The difference between Wait and Stay can mean the difference between successful management vs everyone running down the street chasing the fluffy lighten-bolt that is their dog.

Dog training commands should be simple, but can often become complicated and confusing for the dog (and human too).

For example, if one handler uses command “X” to mean one action for their dog, and then another person uses command “Y” for the same action, our dogs are left having to remember which word which person uses for which command. And, handlers are left wondering why their dog isn’t understanding and preforming simple commands.

Pinball couch headtilt
“Say what?”

The dog’s internal response is probably the dog version of, “Honestly, I’m not sure what either of you mean.”

To make life easier for everyone, dog, handlers, parents, kids, dog-sitters, trainers, etc., it is imperative that everyone in the house use the same command for the same behavior.

The Wait and the Stay commands are often used interchangeably.

In a home with low distractions, one dog, and no kids, this is probably not a huge problem. However, when we start layering the distractions like kids, other dogs, many visitors, etc., the difference between Wait and Stay can mean the difference between successful management vs everyone running down the street chasing the fluffy lighten bolt that is their dog.

The definitions of Wait and Stay in standard dog training are…

Wait – Hang on a second or two, (a short duration) then receive a follow-up command or release word.

Stay – Hold position, freeze in place for an undetermined length of time (could be awhile).

The difference is often hard to see at first, but in the dog’s head it is a major difference in difficulty.

Wait is something a dog can usually achieve even when they are cranked up by exciting visitors, or stressful situations.

However, the Stay is harder to hold depending on how stressed or excited a dog might be.

To understand this in terms we humans experience, we need only look to air travel. We experience differences in difficultly between a short fifteen minute wait to board our airplane, verses the delayed flight that could be hours. One is much harder than the other for different reasons for different people, but in the end, the two different lengths of delay are very different demands on us.

Here are some sample situations where I would use the Wait and Stay commands differently:
  • Dog wants to go outside
    • Ask for wait before opening the door.
    • Door is opened only if dog holds position for a few seconds
  • Aunt Millie is knocking on the door
    • Ask for a wait
    • Door opens if the dog is holding position
    • Once Aunt Millie is in, the dog gets the go say hello command.
  • Baby drops toy
    • Ask dog for a wait
    • Pick up toy before dog gets there, or redirect the dog with a touch command.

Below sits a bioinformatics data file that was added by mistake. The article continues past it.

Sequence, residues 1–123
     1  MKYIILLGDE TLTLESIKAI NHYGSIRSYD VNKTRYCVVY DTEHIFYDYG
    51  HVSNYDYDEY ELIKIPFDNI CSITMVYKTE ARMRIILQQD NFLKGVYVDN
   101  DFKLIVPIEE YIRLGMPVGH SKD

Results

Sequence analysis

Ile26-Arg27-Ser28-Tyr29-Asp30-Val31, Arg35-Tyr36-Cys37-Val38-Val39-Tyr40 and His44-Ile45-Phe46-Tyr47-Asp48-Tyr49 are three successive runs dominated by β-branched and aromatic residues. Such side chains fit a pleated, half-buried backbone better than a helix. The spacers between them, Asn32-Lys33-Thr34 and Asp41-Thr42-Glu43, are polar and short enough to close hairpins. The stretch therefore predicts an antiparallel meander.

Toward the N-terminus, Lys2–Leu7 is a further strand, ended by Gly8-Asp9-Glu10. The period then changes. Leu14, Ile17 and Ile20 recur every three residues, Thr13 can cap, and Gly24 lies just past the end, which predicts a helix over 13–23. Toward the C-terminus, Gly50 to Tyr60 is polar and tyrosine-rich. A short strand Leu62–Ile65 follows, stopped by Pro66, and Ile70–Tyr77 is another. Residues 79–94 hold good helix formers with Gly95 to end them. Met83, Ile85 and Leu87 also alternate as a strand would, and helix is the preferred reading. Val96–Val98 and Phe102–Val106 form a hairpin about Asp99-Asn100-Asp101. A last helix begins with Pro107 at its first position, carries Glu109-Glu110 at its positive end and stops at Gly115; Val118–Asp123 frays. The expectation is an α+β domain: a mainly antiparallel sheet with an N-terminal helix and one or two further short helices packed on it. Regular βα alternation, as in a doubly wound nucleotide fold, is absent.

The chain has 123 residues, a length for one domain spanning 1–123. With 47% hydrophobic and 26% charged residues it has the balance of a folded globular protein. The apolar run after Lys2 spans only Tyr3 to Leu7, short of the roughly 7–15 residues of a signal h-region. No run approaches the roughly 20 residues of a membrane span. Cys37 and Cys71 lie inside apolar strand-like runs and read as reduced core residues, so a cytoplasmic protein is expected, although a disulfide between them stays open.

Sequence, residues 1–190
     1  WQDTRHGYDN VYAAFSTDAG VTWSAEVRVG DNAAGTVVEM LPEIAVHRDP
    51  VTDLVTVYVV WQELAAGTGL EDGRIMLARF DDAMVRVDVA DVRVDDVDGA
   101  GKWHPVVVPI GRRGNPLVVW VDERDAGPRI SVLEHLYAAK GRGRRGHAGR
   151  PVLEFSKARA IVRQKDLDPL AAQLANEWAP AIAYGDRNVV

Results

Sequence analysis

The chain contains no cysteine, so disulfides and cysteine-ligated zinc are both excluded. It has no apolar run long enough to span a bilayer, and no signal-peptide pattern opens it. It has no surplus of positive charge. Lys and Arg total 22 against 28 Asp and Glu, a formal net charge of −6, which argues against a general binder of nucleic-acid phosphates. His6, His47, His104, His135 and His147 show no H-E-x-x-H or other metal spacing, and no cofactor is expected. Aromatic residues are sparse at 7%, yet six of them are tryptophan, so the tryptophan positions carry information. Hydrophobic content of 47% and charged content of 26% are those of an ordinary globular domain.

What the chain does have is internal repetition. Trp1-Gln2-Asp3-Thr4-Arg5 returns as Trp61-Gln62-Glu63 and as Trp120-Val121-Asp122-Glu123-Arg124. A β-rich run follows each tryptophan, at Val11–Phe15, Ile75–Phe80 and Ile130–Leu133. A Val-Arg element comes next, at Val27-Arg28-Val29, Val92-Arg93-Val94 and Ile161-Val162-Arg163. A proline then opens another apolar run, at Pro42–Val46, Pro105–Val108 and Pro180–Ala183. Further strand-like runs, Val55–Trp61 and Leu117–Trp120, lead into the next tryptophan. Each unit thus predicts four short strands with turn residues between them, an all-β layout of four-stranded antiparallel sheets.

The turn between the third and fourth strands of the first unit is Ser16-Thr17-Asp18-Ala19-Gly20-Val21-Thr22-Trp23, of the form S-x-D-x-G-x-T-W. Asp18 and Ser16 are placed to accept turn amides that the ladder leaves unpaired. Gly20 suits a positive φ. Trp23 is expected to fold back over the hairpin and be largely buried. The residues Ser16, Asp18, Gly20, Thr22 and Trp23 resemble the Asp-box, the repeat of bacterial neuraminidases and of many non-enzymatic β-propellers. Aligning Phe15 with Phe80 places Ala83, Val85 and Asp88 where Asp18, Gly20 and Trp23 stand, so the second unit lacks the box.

• In an elevator
    • Ask for a stay
      • Dog freezes in place for the duration of the ride regardless of the number of people getting in and out
    • At the veterinarian
      • Ask for a stay for the examination, shots, blood draws
        • Your veterinarian will thank you
    • At a traffic light
      • Ask for a stay
        • Dog freezes in place for the duration of the light regardless of the distractions that go by, like bicycles, skateboard, other dogs, etc…

Your dog will learn the difference between these two commands because once you have an understanding of what the commands are, you will mark and reward the appropriate behaviors.

You give your dog the WAIT command and he holds a position for a short duration – Praise and Reward.
You give your dog the STAY command and she freezes in place for an interval between one and three minutes – Praise and Reward.

Wait and Stay are two of the basic, essential commands I outline in Please Don’t Bite the Baby, and Please Don’t Chase the Dogs And they are initially covered in the Basic classes I teach, then expanded on in the Intermediate classes.

If your dog doesn’t have a good wait and a solid stayit is time to do some homework.

4 thoughts on “WAIT vs STAY”

    1. Hi Debbie,
      When working on a stay there are three critical aspects that have to be worked on separately – duration, distance, and distraction. First you will build the duration by simply asking your dog to stay, praise him three or four times and reward and release immediately. Slowly build the duration. We need the dog to understand there is no breaking from the stay. After you have a long stay two minutes, then you can add distance, but walking a couple steps away, and immediately returning to the dog for a reward. Keep slowly adding more steps and returning to your dog. Only release the dog when you are back at the dog. Then… you can begin to add in distractions like balls, other people and other dogs, etc. To build a great Stay is a process.
      Hope that helps.

  1. I do not think a dog would hear much difference between the commands “wait” and “stay” because they both have the long a sound. I think the words have to be paired with different hand signals in order for the dog to differentiate between the two commands.

    1. Give what we know about dogs like Chaser and her ability to understand 1,000 words, we cannot say for certain that our dogs won’t be able to differentiate between the sound of wait and stay. In fact for many years competition obedience folks have used these words to differentiate even less significant varied meanings.
      Your point about using different hand signals for the two different behaviors is good, I usually use different hand signals for all my commands because it is often easier for dogs to understand body language (hand signals) over our words probably because they use body language between conspecifics with such success.

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